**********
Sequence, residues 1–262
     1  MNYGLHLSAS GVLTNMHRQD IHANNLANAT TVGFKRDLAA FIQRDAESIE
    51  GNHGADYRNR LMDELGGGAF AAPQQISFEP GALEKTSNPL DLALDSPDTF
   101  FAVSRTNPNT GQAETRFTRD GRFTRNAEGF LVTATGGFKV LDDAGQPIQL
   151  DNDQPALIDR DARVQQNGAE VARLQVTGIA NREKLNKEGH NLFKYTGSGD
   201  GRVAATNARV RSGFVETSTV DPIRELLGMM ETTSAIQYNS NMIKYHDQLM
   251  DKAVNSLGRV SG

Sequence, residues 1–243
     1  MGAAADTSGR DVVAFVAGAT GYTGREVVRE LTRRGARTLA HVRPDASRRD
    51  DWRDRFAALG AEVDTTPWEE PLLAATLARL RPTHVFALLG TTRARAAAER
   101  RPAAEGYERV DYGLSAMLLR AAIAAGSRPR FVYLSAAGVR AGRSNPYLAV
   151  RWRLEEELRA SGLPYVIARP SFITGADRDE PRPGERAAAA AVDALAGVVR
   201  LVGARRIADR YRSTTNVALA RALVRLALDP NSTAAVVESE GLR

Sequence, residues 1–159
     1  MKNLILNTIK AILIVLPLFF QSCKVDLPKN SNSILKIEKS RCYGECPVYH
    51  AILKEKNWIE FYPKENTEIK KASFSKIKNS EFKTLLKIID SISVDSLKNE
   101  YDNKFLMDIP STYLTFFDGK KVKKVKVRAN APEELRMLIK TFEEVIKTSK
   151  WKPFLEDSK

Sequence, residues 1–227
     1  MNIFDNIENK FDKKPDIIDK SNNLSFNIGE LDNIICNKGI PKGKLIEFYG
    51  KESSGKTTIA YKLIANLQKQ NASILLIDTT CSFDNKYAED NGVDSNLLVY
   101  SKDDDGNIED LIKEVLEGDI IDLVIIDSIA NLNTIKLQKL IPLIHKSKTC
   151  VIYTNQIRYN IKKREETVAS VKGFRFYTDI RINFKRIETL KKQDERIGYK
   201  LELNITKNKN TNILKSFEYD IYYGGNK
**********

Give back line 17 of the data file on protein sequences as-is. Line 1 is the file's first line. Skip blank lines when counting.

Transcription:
   101  YDNKFLMDIP STYLTFFDGK KVKKVKVRAN APEELRMLIK TFEEVIKTSK